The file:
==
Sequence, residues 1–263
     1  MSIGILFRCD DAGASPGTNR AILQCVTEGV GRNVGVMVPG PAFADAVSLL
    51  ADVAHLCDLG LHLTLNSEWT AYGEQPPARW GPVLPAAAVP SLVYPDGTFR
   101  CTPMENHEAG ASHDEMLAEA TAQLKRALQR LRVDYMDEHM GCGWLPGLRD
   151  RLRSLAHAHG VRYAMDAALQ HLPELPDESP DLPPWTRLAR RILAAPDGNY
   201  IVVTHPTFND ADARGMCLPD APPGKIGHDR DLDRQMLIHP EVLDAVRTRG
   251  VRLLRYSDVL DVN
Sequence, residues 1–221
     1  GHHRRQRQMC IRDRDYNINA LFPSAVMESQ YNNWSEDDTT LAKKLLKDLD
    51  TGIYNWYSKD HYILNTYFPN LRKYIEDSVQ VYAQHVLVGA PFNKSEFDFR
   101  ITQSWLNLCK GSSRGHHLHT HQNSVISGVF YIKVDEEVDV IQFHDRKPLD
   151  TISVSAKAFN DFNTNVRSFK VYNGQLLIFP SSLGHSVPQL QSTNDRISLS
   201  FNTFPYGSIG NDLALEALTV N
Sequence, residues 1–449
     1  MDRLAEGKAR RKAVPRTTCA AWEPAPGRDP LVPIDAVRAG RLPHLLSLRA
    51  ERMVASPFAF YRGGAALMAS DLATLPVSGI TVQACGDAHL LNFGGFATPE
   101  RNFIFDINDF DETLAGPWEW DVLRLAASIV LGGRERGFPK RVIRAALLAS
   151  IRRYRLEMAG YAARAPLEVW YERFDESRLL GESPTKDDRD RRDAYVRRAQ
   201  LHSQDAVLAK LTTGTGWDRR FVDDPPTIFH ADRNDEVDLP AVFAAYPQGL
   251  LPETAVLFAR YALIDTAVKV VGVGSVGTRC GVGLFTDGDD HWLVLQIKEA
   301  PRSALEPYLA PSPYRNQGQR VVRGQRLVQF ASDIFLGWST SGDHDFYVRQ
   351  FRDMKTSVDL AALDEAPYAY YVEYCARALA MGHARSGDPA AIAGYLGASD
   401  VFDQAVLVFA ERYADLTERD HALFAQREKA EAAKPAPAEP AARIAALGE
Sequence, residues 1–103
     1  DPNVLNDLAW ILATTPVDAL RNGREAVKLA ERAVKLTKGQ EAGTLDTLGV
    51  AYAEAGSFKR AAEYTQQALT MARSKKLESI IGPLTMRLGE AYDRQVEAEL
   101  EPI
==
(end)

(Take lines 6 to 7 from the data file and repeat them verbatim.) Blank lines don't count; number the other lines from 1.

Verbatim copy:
   201  IVVTHPTFND ADARGMCLPD APPGKIGHDR DLDRQMLIHP EVLDAVRTRG
   251  VRLLRYSDVL DVN